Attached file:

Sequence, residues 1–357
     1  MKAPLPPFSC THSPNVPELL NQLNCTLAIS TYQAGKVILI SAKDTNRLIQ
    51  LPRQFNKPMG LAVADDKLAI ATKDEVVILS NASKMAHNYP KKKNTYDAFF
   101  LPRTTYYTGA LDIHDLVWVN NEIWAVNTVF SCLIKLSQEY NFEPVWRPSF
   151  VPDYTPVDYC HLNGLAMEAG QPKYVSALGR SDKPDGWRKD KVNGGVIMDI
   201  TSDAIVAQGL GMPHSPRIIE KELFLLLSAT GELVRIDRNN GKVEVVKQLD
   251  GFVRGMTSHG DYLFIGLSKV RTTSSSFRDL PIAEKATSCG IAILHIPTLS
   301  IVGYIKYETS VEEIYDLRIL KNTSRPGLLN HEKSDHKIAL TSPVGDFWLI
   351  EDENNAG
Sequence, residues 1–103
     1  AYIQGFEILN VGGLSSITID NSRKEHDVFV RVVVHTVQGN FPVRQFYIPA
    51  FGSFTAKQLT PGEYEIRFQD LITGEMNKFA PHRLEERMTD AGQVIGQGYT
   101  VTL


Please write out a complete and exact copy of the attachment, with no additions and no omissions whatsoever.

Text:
Sequence, residues 1–357
     1  MKAPLPPFSC THSPNVPELL NQLNCTLAIS TYQAGKVILI SAKDTNRLIQ
    51  LPRQFNKPMG LAVADDKLAI ATKDEVVILS NASKMAHNYP KKKNTYDAFF
   101  LPRTTYYTGA LDIHDLVWVN NEIWAVNTVF SCLIKLSQEY NFEPVWRPSF
   151  VPDYTPVDYC HLNGLAMEAG QPKYVSALGR SDKPDGWRKD KVNGGVIMDI
   201  TSDAIVAQGL GMPHSPRIIE KELFLLLSAT GELVRIDRNN GKVEVVKQLD
   251  GFVRGMTSHG DYLFIGLSKV RTTSSSFRDL PIAEKATSCG IAILHIPTLS
   301  IVGYIKYETS VEEIYDLRIL KNTSRPGLLN HEKSDHKIAL TSPVGDFWLI
   351  EDENNAG
Sequence, residues 1–103
     1  AYIQGFEILN VGGLSSITID NSRKEHDVFV RVVVHTVQGN FPVRQFYIPA
    51  FGSFTAKQLT PGEYEIRFQD LITGEMNKFA PHRLEERMTD AGQVIGQGYT
   101  VTL